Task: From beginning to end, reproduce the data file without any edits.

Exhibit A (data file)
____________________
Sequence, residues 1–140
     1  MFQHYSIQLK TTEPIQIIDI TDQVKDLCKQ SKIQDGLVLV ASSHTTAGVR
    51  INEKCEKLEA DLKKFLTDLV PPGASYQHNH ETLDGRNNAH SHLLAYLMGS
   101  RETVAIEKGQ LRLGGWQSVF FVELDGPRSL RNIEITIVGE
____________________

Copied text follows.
Sequence, residues 1–140
     1  MFQHYSIQLK TTEPIQIIDI TDQVKDLCKQ SKIQDGLVLV ASSHTTAGVR
    51  INEKCEKLEA DLKKFLTDLV PPGASYQHNH ETLDGRNNAH SHLLAYLMGS
   101  RETVAIEKGQ LRLGGWQSVF FVELDGPRSL RNIEITIVGE